Sermon – Judaism and Democracy

Written by Rabbi Josh Levy — 4 March 2011

We have come to the end of the book of Exodus, and with it to the end of five parashiyot hashavua, five weeks of Torah readings, dealing with the creation of the tabernacle in the wilderness.  Central to this section of Torah is the figure of Bezalel – singled out by God to lead the work of building.  This week’s sidra, Pekudei, just before the section Adi chanted so beautifully for us, tells us “Now Bezalel, son of Uri, son of Hur, of the tribe of Judah, made everything that the Eternal commanded Moses”.

Apart from his lineage, and the skills with which he was endowed by God, we know remarkably little about the figure of Bezalel – surprising as his role was to be so significant.  But as ever with such a gap in the Torah, the rabbis filled it – with stories and explanations.

Among the stories the rabbis wrote is one that gives us an unusual insight into the rabbinic view of civil society.  The Babylonian Talmud recounts that God singled out Bezalel, but then approached Moses, saying: “Moses, do you think Bezalel is suitable?”  Moses replied, “Master of the universe if You think Bezalel is suitable, then of course, I certainly think so.”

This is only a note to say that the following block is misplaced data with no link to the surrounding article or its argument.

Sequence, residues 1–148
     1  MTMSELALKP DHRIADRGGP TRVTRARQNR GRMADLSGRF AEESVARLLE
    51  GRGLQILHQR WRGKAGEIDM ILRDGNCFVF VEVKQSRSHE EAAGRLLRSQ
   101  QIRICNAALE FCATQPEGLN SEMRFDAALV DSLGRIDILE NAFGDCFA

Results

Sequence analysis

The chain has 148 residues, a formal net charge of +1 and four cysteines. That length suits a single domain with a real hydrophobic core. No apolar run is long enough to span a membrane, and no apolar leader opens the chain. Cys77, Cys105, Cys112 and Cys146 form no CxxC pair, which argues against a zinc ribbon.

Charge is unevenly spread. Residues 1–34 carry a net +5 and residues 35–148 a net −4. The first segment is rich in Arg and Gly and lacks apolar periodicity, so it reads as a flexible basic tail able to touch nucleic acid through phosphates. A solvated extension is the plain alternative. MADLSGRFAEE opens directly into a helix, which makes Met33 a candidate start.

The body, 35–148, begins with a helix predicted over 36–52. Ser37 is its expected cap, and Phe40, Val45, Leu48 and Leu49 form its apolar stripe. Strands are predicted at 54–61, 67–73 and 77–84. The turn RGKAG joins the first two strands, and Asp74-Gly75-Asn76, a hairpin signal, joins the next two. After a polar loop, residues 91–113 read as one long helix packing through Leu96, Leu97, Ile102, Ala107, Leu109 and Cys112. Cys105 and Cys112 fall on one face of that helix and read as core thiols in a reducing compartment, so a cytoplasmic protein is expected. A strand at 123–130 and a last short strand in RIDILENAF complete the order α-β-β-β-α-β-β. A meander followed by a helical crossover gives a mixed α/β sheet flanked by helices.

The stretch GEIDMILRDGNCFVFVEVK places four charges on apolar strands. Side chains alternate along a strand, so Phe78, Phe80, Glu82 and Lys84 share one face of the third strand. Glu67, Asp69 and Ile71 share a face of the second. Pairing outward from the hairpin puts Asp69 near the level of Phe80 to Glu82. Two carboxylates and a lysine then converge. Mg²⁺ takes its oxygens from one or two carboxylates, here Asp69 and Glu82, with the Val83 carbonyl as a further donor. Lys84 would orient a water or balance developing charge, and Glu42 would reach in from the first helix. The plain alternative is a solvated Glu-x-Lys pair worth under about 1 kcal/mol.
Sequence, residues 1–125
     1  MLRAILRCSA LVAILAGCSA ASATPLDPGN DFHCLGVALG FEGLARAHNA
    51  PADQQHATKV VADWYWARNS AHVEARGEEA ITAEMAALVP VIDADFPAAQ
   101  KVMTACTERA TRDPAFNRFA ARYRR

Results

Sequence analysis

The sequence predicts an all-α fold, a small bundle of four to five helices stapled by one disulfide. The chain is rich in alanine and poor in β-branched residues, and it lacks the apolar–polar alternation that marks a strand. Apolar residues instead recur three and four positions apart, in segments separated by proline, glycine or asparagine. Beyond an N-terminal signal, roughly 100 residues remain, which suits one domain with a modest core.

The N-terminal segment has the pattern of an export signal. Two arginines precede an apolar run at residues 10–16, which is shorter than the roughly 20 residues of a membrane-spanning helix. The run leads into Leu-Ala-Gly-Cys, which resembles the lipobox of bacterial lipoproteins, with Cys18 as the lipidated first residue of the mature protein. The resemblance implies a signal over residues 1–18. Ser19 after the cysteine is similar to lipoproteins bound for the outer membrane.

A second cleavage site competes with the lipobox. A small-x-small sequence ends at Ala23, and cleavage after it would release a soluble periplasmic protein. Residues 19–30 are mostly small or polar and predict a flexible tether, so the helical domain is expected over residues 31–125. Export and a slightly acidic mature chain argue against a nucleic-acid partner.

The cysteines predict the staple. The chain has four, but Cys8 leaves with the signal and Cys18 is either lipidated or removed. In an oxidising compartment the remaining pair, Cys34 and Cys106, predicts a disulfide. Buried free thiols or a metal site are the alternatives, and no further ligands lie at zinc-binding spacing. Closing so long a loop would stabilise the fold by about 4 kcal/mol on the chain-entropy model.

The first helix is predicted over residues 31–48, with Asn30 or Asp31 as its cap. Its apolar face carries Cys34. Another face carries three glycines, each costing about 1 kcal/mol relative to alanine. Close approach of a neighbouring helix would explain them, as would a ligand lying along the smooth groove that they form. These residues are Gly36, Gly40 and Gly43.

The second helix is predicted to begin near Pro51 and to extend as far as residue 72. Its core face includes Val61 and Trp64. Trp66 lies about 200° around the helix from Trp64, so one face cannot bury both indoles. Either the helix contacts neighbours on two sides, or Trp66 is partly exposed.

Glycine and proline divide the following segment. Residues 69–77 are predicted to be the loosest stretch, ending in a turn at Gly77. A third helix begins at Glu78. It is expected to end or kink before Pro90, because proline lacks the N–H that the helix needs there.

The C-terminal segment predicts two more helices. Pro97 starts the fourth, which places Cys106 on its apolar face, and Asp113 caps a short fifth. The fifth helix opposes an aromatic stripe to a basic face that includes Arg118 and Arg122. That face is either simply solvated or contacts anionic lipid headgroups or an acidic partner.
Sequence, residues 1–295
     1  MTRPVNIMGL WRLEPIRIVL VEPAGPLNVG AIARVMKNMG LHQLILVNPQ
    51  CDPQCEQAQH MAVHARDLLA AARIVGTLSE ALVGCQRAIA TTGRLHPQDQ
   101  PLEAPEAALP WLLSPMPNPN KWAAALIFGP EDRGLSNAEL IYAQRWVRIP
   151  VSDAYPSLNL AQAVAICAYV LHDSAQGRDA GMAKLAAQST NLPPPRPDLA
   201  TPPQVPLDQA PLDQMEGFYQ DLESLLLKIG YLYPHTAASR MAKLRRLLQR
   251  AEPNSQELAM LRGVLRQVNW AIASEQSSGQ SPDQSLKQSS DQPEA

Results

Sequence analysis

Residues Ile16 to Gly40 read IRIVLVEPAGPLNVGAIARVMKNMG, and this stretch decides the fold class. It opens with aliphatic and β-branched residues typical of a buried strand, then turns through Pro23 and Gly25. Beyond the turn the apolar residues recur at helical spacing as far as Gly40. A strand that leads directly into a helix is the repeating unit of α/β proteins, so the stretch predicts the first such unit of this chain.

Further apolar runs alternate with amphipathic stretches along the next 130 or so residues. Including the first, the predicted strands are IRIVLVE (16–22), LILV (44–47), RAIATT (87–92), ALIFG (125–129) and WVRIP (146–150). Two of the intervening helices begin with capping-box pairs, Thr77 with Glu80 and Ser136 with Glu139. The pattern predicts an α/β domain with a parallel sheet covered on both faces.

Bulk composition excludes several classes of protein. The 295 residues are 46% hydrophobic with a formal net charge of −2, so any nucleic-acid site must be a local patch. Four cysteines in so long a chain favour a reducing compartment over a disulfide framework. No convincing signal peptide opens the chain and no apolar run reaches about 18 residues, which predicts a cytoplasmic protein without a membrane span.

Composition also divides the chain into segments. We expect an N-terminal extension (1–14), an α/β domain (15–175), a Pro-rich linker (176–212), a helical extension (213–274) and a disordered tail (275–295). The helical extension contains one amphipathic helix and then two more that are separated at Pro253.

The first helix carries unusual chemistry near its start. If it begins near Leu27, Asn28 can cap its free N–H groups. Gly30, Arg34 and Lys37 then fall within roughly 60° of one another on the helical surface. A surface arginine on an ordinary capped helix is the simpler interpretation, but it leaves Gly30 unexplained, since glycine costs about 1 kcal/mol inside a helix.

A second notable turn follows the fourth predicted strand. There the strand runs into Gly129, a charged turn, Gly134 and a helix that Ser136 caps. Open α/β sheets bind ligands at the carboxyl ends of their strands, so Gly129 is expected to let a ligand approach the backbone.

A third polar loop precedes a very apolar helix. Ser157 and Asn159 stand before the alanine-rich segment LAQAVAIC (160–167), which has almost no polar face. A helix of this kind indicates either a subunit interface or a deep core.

God said to him, “Nevertheless, you must go and ask the Israelites.”  So Moses went and asked the Israelites, “Israelites, do you think Bezalel is suitable?”  They replied, “If both the Almighty and you think he is suitable, then of course, we think so too.”  And only then was Bezalel appointed to make the sanctuary in the wilderness.

What is the moral of this story?  It is not that God is insecure about making decisions.  Rather, this is a story about how decisions must be made in civil society.  We learn from this, the Bavli remarks, that “one must not appoint a public leader without first consulting the community”.  That is, when it comes to leadership, when it comes to acting on behalf of the people, the consent of those who are led is of supreme importance.  The consent of the people is so important, it seems, that it applies even to the nominees of God, that they too must be approved by those on whose behalf they will serve.

The building of the Sanctuary is the first public project of the Israel narrative.  It is therefore not surprising that in it, and in the rabbinic understanding of it, we should find a first glimpse of a Jewish understanding of how society should operate.